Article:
"Why the f*** doesn't any f***ing video store have the g**d*** series "Louie" on DVD? I don't want to buy the f***ing season at f***ing W**-M***, I want to see if I like it first, so let me get the DVD! Why isn't available. Screw f***ing screening movies, just release every f***ing way you f***ing can! When I come back here, "Louie" better f***ing be here, and not just on DVD and Blu-Ray, and Streaming, it better be on f***ing VHS and Beta! That's right, I'm bringing back betatapes b****es! If vinyl can make a comeback, than so can my m*****f***ing  Betamax machine, so you better have it! You m*****f***ing sons of b****es!"

Instead, I didn't write that, or say it. I eventually went outside to wait for a bus that didn't come, and go to the nearby Starbucks for a frappucino. Then, I went back into the Blockbuster, signed up for an account, and borrowed the 2nd season of "Secret Diary of a Call Girl," which I just finished, and frankly, was fairly good. The lady at Blockbuster, who seem to be incapable of the level of annoyed I was at her, tried to push on me the Blockbuster-by-mail option they have called, "Blockbuster Total Access". Apparently there's a free trial, similar to Netflix. I haven't signed on, and a quick look at the entire area of Blockbuster reveals, that none of the stores have it in stock. So, I'm glad my focus isn't entirely focused on the suppliers. (Note: It's at this point that I change the title of this blog entry to it's current title. The original title was "BLOCKBUSTER SUCKS WORSE THAN NETFLIX...") Still, it's annoying, and the Blockbuster Lady wanted me to also sign up for a $7.99/month plan where I could rent one movie at a time, and have it charged on my credit card every month. A good deal, but clearly, she has no idea the kind of filmviewer I am. One DVD at a time, way too little for this cinephile who watches three films at a time.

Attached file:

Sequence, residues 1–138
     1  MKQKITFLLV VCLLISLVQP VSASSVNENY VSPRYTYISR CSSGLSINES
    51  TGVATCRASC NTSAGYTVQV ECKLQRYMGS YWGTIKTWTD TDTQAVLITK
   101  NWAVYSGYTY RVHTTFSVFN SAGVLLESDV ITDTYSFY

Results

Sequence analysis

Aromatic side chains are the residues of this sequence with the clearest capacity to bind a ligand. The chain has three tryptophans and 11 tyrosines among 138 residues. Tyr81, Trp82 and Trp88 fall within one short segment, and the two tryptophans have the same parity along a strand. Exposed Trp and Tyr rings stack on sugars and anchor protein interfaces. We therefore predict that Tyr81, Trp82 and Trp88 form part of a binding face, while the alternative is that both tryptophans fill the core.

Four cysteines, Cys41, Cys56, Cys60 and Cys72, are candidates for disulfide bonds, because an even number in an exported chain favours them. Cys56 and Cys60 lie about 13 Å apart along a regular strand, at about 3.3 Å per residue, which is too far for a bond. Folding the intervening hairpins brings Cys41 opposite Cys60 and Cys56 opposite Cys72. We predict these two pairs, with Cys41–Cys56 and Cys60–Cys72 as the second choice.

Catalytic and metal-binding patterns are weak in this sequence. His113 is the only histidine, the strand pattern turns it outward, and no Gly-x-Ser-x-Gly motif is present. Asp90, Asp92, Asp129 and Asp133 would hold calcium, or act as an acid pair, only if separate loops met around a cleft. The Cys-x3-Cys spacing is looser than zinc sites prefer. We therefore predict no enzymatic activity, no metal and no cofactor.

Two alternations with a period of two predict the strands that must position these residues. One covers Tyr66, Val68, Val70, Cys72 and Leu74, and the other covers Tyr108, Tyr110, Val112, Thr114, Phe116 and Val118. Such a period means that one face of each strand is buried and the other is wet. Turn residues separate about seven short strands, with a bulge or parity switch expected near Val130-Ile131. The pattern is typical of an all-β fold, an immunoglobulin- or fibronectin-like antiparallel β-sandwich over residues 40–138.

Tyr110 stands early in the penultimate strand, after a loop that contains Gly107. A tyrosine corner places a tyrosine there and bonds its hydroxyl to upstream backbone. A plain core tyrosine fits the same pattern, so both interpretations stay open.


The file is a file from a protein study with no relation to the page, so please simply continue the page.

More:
Anyway, the three movies. I started "Even Money," thinking I wasn't going to watch "The Tree of Life," again, but my Mom decided to watch it, after I recommended it, so I watched it again. "Even Money," was on my netflix, and wanted to watch a movie to return to the library tomorrow, which is where I went after the whole Blockbuster fiasco, and there I watched "Protagonist," and about half of "Gnomeo and Juliet." I watched the latter, 'cause I feel asleep watching my library film, "Meet Monica Velour," last night, so I only watched half of it. I'll have reviews of all these movies at a later date, but in the meantime, I'm watching three movies, and I still can't seem to find a copy of the first season of "Louie," on DVD, at any rental location. Okay, so it's not as jawdropping a feat as I alluded to in the beginning of this blog..., in fact, 'feat,' is probably an inappropriate word to describe this... phenomenon, maybe, occurrance? I don't know. Either way, I'm watching three movies right now.

You know what I'm not doing though, renting the first season of "Louie," on DVD. So, to whomever responsibility that is, whether it's the distributors or the suppliers, I want to say something to that person/people right now, whomever he/she/they is/are:
I don't know what you're doing, or the what the problem is, but you're losing customers right now. So, it's available on streaming, I don't care and I'm not the only one. What I said up there, about movies being available to all in any form possible, with all the editing of the curse words, the core message is true. It's a popular, well-respected TV show, that I can't seem to watch in a way I watch almost everything else, and it's bothering the hell out of me. There's no reason for me to have this problem. You're not Vincent Gallo who directs movies only to block them being released for whatever stupid reason he does it. It should be available everywhere, even if people don't borrow/rent it, they need the option readily available, as much as sometimes it's hard to believe, not everybody has a computer, not everybody has one with reliable streaming capabilities, and not everybody likes it even if they do. To not have it on the shelf, either the metaphorical shelves of netflix or the actual shelves of Blockbuster, or whatever other DVD rental outlet happens to still be surviving, and I do surely hope they do, you're doing a disservice to potential fans and customers right now. The least you can give, is the option to see your product, when it's not available at the places where it should easily be available, you're losing money. Right now, a lot of people don't have the means to watch the show, or even the option to decide whether they want to even because of your inability to put it in the appropriate marketplaces. I don't know what the hold-up is, but whatever it is, stop it. Fix this simple problem with the simple solution already and make everybody happy. Thank you.